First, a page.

U.S. Customs and Border Protection (CBP) and the U.S. Citizenship and Immigration Services (USCIS) are (slowly) modernizing to make the immigration process more user-friendly. Two recent developments will hopefully reduce costs, both financial and procedural, and improve functionality. First, CPB has begun to automate the I-94 issuance process. Second, the USCIS has announced plans to move all immigrant fees, which are paid by green card applicants currently living abroad, to its Electronic Immigration System (ELIS).
On April 30, 2013, CPB began a nationwide implementation project for electronic, automated I-94 issuance for airports and seaports (land border-crossings are not included) that is expected to be complete at the end of May 2013. Implementation began with major airport hubs at Charlotte Douglas International Airport in North Carolina, Orlando International Airport in Florida, McCarran International Airport in Las Vegas, Chicago O’Hare International Airport, Miami International Airport, and George Bush Intercontinental Airport in Houston.
Once completed, foreign travelers entering (or reentering) the U.S. will be processed electronically, and will later have the opportunity to access their I-94 online, much like an electronic plane boarding pass. The travelers will also be able to print physical copies of their I-94 at home for their records or for submission to the USCIS and other government entities. However, the physical copies will no longer be necessary upon exiting the U.S. Additionally, the USCIS has announced it will begin accepting copies of passport, visa, and entry-stamp information in lieu of copies of the physical I-94 card as proof of lawful entry.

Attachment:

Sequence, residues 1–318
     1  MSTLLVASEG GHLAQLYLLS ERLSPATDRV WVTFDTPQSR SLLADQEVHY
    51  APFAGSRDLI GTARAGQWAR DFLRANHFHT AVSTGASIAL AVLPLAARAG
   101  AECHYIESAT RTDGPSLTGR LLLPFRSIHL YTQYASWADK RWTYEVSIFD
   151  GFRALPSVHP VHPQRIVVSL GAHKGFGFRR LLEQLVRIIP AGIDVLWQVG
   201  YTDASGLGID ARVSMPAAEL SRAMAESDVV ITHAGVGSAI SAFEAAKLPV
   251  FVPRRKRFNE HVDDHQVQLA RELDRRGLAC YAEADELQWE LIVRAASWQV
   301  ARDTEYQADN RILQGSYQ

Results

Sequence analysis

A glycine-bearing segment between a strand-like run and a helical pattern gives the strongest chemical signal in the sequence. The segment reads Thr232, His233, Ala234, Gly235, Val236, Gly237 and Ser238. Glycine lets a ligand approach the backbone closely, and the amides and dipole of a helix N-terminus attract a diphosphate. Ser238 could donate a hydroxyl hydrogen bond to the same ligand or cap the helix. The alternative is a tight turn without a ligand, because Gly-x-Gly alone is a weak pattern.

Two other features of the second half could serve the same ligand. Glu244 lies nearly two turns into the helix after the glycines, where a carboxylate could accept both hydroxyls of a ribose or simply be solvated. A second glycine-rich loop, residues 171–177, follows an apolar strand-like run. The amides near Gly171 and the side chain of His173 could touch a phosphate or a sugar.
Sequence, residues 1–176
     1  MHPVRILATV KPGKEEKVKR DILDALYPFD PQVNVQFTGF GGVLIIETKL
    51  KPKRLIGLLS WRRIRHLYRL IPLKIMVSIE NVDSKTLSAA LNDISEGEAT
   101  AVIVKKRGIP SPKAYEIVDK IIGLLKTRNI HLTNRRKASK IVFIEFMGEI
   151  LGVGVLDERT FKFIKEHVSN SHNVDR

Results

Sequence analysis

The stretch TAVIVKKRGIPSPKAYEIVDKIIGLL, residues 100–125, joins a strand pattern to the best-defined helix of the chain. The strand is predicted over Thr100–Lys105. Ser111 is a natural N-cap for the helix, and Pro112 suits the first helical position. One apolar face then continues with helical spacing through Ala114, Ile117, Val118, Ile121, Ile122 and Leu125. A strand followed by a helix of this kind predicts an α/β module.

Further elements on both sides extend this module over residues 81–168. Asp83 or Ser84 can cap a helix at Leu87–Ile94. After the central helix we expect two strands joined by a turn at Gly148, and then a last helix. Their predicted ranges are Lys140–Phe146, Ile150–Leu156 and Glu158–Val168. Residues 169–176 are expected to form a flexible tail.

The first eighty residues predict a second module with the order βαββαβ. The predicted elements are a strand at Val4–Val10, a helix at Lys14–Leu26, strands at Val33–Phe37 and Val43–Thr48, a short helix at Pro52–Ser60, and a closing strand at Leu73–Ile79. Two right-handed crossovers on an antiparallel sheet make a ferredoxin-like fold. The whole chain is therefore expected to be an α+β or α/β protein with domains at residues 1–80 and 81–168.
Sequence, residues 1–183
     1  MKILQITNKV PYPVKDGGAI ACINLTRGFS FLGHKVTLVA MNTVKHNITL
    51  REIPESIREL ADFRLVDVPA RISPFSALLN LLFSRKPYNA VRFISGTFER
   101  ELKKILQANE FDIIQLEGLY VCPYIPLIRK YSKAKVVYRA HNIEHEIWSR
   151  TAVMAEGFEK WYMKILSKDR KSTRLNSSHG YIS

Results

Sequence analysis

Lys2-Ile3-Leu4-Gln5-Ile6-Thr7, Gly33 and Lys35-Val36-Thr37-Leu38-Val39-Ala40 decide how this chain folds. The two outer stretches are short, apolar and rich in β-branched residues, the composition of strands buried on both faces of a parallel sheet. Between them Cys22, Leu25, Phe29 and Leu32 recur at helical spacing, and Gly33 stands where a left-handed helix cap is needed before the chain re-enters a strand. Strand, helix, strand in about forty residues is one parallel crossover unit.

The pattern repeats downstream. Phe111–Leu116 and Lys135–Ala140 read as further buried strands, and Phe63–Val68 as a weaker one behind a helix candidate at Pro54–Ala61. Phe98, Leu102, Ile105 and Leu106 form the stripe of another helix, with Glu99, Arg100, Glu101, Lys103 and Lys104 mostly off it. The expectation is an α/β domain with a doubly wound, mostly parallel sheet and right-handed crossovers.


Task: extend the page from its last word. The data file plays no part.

What remains to be seen is the role human error can or will play in the new electronic entry system. One pervasive issue with I-94 issuance in the past has been the listing of incorrect expiration dates or entry status, which requires the I-94 cardholder to expend both time and money to remedy on an expedited basis, sometimes even requiring them to return to the airport or port of entry to request a new I-94 card in person. A CPB officer will still be responsible for writing in the date of expiration below the entry stamp in the traveler’s physical passport, so it is important to remain vigilant and always double-check the officer’s notation on the entry stamp.
Electronic Payment of Immigrant Fees
The ELIS, which was first implemented to support the automated processing of certain nonimmigrant visitor visas, such as B-1 and B-2 visas, is being expanded to host fee payment software for Immigrant Fees, currently set at $165, which are required when the Department of State processes green card applications at its consulates and embassies for applicants living abroad. The fee is meant to cover the USCIS’ costs for staff time to handle, file and maintain the immigrant visa package, and for producing and delivering the permanent resident card to the alien upon arrival to the U.S. This expansion of the ELIS is a sign of further streamlining of the “outside-to-inside” U.S. immigration process, and enhanced cooperation between the USCIS and Department of State.